With Susanna Rose, there’s more than meets the ear 

The cocktail of talent, ingenuity, and hard work is what first draws listeners to an artist and their music. But it's that indescribable and illusive quality that solidifies those fans. It's something you can't put your finger on. But who says you've got to understand every lick, lyric, and beat in the first place? If you've seen or heard Susanna Rose perform, it's pretty clear there's more than meets the ear going on here, more than simply a pretty girl singing and playing some pretty guitar.

Rose is quiet and unassuming. She's always smiling beneath a cascade of chestnut tresses. And it's this big smile that you hear as it conversely permeates and melts the overcast melancholy of her lyrics. She claims to know only a handful of chords, yet the way she gently renders them in simple picking patterns and fills, it's as if she invented them. Her sound is utter magic.

Though she didn't pick up the guitar until her early 20's, Rose, now 27, was a musical child. "I previously played piano and sang as a kid," Rose says. "I sang to myself a lot and would make up songs. I had my own radio show. I'd do all the voices and make up commercials. But I never thought that I could be a songwriter. I never put that together. It never clicked in my head."

While studying abroad in London, Rose befriended a singer-songwriter who showed her a handful of chords. "I was like, 'That's so amazing. 'How do you do that?' He said 'It's easy. There are thousands of songs with just two chords.' All I had to do was learn two or three chords and get some words that rhymed. So I started writing songs with the five chords I knew."

She returned to the States in 2009 with her five chords, and that winter recorded her first CD, "Mirage," in Tim Avery's house.

"We had a house party," she says. "And I gave it away in brown paper bags."

Now on album number three, "Snowbound," Rose has solidified her sound somewhere in the twilight between lonely and ironic. On the song "Old Broken Heart," she sings about wondering what to wear to an ex-lover's wedding, before admitting that she hasn't been invited yet. On songs like "Benediction," she plugs in a full band that calls to mind Lucinda Williams Americana without the epic loneliness.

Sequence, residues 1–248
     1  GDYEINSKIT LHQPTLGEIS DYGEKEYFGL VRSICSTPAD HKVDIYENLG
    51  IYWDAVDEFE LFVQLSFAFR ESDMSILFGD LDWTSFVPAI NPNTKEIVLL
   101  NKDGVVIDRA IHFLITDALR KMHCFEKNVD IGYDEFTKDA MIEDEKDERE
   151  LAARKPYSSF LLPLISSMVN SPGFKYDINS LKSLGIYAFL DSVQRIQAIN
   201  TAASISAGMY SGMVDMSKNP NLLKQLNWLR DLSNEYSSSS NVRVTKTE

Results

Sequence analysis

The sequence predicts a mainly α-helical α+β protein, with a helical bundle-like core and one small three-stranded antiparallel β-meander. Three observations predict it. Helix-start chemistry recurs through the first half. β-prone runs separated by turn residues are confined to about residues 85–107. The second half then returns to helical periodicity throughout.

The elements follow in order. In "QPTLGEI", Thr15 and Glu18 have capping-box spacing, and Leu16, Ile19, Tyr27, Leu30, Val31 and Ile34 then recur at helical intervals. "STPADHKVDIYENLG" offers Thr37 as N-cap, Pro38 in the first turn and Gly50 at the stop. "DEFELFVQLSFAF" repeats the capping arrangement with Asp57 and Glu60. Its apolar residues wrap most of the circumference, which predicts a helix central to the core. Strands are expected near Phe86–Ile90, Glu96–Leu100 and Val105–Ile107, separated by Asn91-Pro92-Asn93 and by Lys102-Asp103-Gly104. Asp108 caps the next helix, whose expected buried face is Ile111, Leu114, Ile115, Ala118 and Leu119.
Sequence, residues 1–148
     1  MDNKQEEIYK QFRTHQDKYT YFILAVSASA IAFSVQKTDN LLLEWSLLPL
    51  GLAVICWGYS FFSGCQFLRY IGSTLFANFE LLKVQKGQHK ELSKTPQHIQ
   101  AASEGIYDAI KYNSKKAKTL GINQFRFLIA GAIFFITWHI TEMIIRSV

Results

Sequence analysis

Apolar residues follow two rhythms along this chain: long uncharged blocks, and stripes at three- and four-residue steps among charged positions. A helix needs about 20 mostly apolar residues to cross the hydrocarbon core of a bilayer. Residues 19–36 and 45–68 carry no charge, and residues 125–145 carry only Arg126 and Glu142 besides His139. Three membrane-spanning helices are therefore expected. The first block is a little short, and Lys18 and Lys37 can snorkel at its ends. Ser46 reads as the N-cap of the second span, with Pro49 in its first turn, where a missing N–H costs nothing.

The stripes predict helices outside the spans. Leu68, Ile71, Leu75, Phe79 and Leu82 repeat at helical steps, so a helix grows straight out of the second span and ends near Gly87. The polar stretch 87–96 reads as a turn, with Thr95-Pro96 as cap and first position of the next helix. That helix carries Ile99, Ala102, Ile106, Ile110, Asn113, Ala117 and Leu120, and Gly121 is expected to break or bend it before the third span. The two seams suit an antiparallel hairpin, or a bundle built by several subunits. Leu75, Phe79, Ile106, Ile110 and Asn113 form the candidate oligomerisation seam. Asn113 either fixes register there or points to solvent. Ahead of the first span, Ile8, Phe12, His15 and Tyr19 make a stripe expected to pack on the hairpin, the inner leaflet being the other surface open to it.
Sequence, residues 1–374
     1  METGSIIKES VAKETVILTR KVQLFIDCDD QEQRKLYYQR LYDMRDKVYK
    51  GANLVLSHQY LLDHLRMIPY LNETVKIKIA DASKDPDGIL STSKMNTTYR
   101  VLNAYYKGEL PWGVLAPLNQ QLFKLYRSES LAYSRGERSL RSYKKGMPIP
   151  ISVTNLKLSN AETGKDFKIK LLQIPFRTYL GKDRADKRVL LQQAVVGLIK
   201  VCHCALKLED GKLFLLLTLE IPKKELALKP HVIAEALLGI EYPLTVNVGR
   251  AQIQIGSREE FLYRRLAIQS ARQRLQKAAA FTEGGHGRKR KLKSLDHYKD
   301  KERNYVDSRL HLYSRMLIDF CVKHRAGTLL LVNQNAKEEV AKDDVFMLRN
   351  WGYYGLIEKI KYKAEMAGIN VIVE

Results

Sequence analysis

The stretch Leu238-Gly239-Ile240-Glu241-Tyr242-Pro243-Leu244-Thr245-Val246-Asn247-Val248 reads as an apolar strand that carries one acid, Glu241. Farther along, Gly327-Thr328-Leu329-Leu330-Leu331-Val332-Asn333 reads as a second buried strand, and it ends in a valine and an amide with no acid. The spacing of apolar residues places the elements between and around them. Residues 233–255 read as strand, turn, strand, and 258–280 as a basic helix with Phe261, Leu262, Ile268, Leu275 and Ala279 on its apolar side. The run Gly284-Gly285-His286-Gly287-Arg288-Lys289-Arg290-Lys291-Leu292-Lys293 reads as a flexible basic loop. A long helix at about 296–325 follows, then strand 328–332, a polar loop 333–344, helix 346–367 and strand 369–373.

The sound is stripped down to the essence of a beautiful voice and a plaintive guitar weaving and tiptoeing throughout. You can hear the dust in the air as she sings. And gone is the bombastic, histrionic warbling that chokes this genre, replaced by bittersweet, insightful music played beautifully. Yet according to Rose, there is no set approach to writing.

"It depends," she says. "Sometimes it's a lyric, a line or two." Regardless, the marriage of the two is captivating.

"That's the kind of music I like," she says. "I love Iron & Wine. I love Bon Iver. Ever since I was young I've liked sad music. I feel a lot of crap has happened in my life. Melancholy music helps me acknowledge that it's real, so I gravitate to that. It feels authentic to express songs that are melancholy. But I want to write more, mix it up a little. Especially at shows, I see people feeling it, and I want to give them a break – also for contrast." The only caveat: it's gotta be real.

"I won't make music that doesn't feel authentic to me," says Rose.

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